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How Many Pet Industry Tradeshows Does the World Need?

What with Global Pet Expo, SuperZoo, P3 and InterZoo, is there really a need for another pet industry show?

And yet in the last two months, I have talked to three different people who are mulling over launching a new one.

I get it, on one level. For many of us, it’s no longer enough to build a doghouse out in the backyard and call it quits. Today, we’re paying for knee surgeries for our animals and feeding them gluten-free diets.

Americans spent $24 billion on pet food last year, up 30 percent from 2010. They handed veterinarians $16 billion and spent another $15 billion for over-the-counter medications.

But tradeshow entrepreneurs are not the only ones to have noticed this phenomenon. Earlier this week, Mars Inc. – which some of us thought was strictly in the M&Ms business – paid $7.7 billion for veterinary and dog day-care company VCA Inc.

Wouldn’t this be a sign of an industry consolidation, the same type of move that led to similar consolidations in other consumer-facing industries like hardware and corner drug stores, followed eventually by the demise of some well-established colossal tradeshows?

Who needed the American Hardware Assn.’s annual tradeshow in Chicago once Home Depot and Lowe’s started running the mom-and-pop hardware stores out of business?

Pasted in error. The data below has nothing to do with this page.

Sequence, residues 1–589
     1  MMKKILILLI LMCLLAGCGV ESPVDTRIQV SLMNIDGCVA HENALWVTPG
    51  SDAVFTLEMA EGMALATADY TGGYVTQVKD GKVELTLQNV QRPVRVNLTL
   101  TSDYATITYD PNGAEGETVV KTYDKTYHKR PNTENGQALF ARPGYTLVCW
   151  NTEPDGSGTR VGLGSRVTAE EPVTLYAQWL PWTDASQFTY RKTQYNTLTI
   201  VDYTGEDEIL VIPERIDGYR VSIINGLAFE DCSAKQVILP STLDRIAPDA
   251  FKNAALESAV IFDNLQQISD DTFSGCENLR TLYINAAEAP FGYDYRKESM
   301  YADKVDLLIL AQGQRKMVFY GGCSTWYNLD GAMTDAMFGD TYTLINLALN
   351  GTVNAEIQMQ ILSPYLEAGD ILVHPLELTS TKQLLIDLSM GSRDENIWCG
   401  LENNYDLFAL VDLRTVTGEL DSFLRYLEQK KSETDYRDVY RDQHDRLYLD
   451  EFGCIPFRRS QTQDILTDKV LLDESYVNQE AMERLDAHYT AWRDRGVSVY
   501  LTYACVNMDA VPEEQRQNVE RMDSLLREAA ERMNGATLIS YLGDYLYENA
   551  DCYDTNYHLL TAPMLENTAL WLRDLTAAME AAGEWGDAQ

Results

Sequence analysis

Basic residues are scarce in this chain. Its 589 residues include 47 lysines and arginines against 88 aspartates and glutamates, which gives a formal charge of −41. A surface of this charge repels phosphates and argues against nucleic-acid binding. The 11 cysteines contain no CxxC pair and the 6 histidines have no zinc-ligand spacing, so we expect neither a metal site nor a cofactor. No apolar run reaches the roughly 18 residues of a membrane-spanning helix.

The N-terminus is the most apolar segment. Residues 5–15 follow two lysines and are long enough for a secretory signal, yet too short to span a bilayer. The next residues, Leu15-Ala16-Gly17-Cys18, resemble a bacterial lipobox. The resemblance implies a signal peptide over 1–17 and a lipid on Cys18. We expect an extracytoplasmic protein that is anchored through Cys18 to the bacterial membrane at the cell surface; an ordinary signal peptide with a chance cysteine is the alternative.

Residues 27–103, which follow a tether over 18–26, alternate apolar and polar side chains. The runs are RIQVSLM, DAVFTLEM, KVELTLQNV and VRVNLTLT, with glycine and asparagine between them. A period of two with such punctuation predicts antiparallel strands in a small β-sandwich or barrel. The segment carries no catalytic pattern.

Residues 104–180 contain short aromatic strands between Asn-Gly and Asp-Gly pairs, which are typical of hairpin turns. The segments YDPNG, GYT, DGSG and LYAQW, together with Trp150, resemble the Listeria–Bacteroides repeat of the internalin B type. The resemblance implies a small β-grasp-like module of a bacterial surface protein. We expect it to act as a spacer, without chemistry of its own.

By the way, in case you missed it, Mars isn’t new to the pet products world. It got into the business back in 1935 and acquired the Iams brand of pet foods from Proctor & Gamble for $2.9 billion three years ago. With the VCA acquisition, it adds 17,000 veterinary clinics and dog day-care centers to its pet empire.

Do you really think its buyers will be trolling tradeshow aisles for new products any more than WalMart’s buyers are?

What am I missing with all the talk of new pet products tradeshow launches?

Michael Hart is a business consultant and writer who focuses on the events industry. He can be reached at michaelhart@michaelgenehart.com.

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4 Hacks Donald Trump Has for the Event Organizer

trump-imageClosing in on a month after the election, I thought by now half of us would have gone back to making their own pesto, collecting butterflies and sitting alone in a dark room listening to “Pagliacci,” while the other half would have returned to their hootenannies, bearing profane messages on their T-shirts and racing their RVs.

But, alas, election fever isn’t over quite yet. However, the result is in: Like it or not, Donald Trump won, and he did it in the most untraditional of ways.